Beneath the Ice: Hidden Currents Driving Antarctica’s Rapid Melt

Dotson Ice Shelf

New research highlights how interactions between ocean currents and the ocean floor, rather than just wind, are crucial in driving the rapid melting of Antarctic ice shelves, posing a threat to global sea levels. Dotson Ice Shelf, Amundsen Sea, Antarctica. Credit: Taewook Park

Meandering ocean currents play an important role in the melting of Antarctic ice shelves, threatening a significant rise in sea levels.

A new study published in Nature Communications has revealed that the interplay between meandering ocean currents and the ocean floor induces upwelling velocity, transporting warm water to shallower depths. This mechanism contributes substantially to the melting of ice shelves in the Amundsen Sea of West Antarctica. These ice shelves are destabilizing rapidly and contributing to sea level rise.

Led by Taewook Park and Yoshihiro Nakayama, an international team of researchers from the Korea Polar Research Institute, Hokkaido University, and Seoul National University employed advanced ocean modeling techniques to investigate the underlying forces behind the rapid melting ice shelves. In a departure from prior assumptions linking ice shelf melting primarily to winds over the Southern Ocean, this study underscores the significant role played by the interactions between meandering ocean currents and the ocean floor in driving the melting process.

The Impact on Pine Island and Thwaites Ice Shelves

The Pine Island and Thwaites ice shelves are among the fastest-changing in Antarctica and are of particular interest due to their vulnerability to warming ocean waters. They act as massive barriers restraining the glaciers behind them from flowing into the ocean. However, their rapid melting and potential collapse pose a significant threat to coastal communities worldwide because of the resulting rise in global sea levels.

The study focused on the role of a layer of warm water beneath the frigid surface waters, known as the ‘modified Circumpolar Deep Water,’ in melting these ice shelves from below. “The intensity and trajectory of ocean currents encircling the ice shelves directly govern the influx of warm water, thereby intricately shaping their rate of melting” explains Taewook. This shows the importance of the ocean in understanding and addressing the impacts of climate change.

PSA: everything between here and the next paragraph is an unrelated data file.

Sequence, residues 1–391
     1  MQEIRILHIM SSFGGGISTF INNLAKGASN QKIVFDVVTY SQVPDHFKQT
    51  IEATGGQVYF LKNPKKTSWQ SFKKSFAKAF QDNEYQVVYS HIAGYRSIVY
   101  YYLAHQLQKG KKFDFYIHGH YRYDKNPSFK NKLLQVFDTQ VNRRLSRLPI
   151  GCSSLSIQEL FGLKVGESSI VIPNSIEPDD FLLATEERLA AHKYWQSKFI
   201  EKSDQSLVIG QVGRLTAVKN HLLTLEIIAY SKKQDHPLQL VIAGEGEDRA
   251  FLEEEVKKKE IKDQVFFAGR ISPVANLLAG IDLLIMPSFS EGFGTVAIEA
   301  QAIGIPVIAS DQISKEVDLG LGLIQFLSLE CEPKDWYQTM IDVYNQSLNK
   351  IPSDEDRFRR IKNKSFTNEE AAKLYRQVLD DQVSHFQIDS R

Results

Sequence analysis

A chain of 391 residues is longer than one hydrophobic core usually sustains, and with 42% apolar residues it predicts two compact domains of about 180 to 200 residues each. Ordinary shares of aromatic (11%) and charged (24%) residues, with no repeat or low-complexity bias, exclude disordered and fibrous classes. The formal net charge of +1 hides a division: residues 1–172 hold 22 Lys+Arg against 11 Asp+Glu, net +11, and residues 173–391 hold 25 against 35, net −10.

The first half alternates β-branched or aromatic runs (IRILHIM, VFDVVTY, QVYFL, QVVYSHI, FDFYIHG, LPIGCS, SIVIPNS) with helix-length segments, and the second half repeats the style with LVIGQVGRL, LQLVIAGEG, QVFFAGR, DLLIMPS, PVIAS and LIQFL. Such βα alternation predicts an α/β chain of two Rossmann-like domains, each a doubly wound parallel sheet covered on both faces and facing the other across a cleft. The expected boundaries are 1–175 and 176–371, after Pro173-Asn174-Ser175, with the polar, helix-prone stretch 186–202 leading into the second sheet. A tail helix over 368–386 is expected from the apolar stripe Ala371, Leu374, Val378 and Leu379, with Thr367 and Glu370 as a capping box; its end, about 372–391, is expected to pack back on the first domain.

The researchers paid attention to the ‘thermocline depth’, which is the depth of the interface between warmer deep waters and cooler surface waters. Variations in thermocline depth significantly affect the influx of warm water toward the ice shelves. Until now, it has been believed that intensified westerly winds north of the Amundsen Sea propelled ocean currents along the shelf break, carrying warmer water toward ice shelf cavities. This phenomenon is particularly pronounced during El Niño events.

“Our findings challenge conventional wisdom,” Nakayama asserts. “Our study underscores that the interplay between meandering ocean currents and the ocean floor generates upwelling velocity, bringing warm water to shallower depths. Subsequently, this warm water reaches the ice-ocean interface, accelerating ice shelf melting.” Nakayama concludes, “This internal oceanic process driving ice shelf melting introduces a novel concept. With this in mind, we have to reevaluate winds driving Antarctic ice loss, which can significantly impact future projections.”

Reference: “Amundsen Sea circulation controls bottom upwelling and Antarctic Pine Island and Thwaites ice shelf melting” by Taewook Park, Yoshihiro Nakayama and SungHyun Nam, 11 April 2024, Nature Communications.
DOI: 10.1038/s41467-024-47084-z

The study was funded by the Korea Institute of Marine Science and Technology promotion, the Korea Polar Research Institute, the Ministry of Education, Culture, Sports, Science, and Technology of Japan, and the Inoue Foundation for Science.

2 Comments on "Beneath the Ice: Hidden Currents Driving Antarctica’s Rapid Melt"

  1. Clyde Spencer | April 15, 2024 at 8:39 pm | Reply

    Assuming that the situation continues as it is, once the shelf ice melts back to their grounding lines, the wandering currents won’t be able to undercut the remaining ice and there should be an abrupt decrease in the rate of melting.

    The so-called buttressing effect of the shelf ice is over-stated. The shelf ice has inherited the momentum of of the glacier upstream, which is mostly determined by the slope and thickness of the glacier, and the friction with the underlying bedrock. If shelf-ice expands during the Winter, the new ice freezing onto the edge of the glacial ice will likewise inherit the velocity of the glacial ice. Any forces that impede the forward motion of the ice should be reflected in pressure ridges in the ice behind the feature that provides an opposing force. That is, if the grounding line provides significant resistance, ice should be piling up behind it. Instead, what is usually observed are tension cracks that mark the boundary where calving takes place.

    Citing a model as ‘evidence’ is unconvincing. What is needed to evaluate the models are detailed diagrams of all the important forces that control the glacier movement, along with the equations that support the claims of the net movement. This allows peer reviewers to see the big picture and decide if the model appears reasonable, rather than having to accept the model predictions without an understanding of what assumptions were made in building the model.

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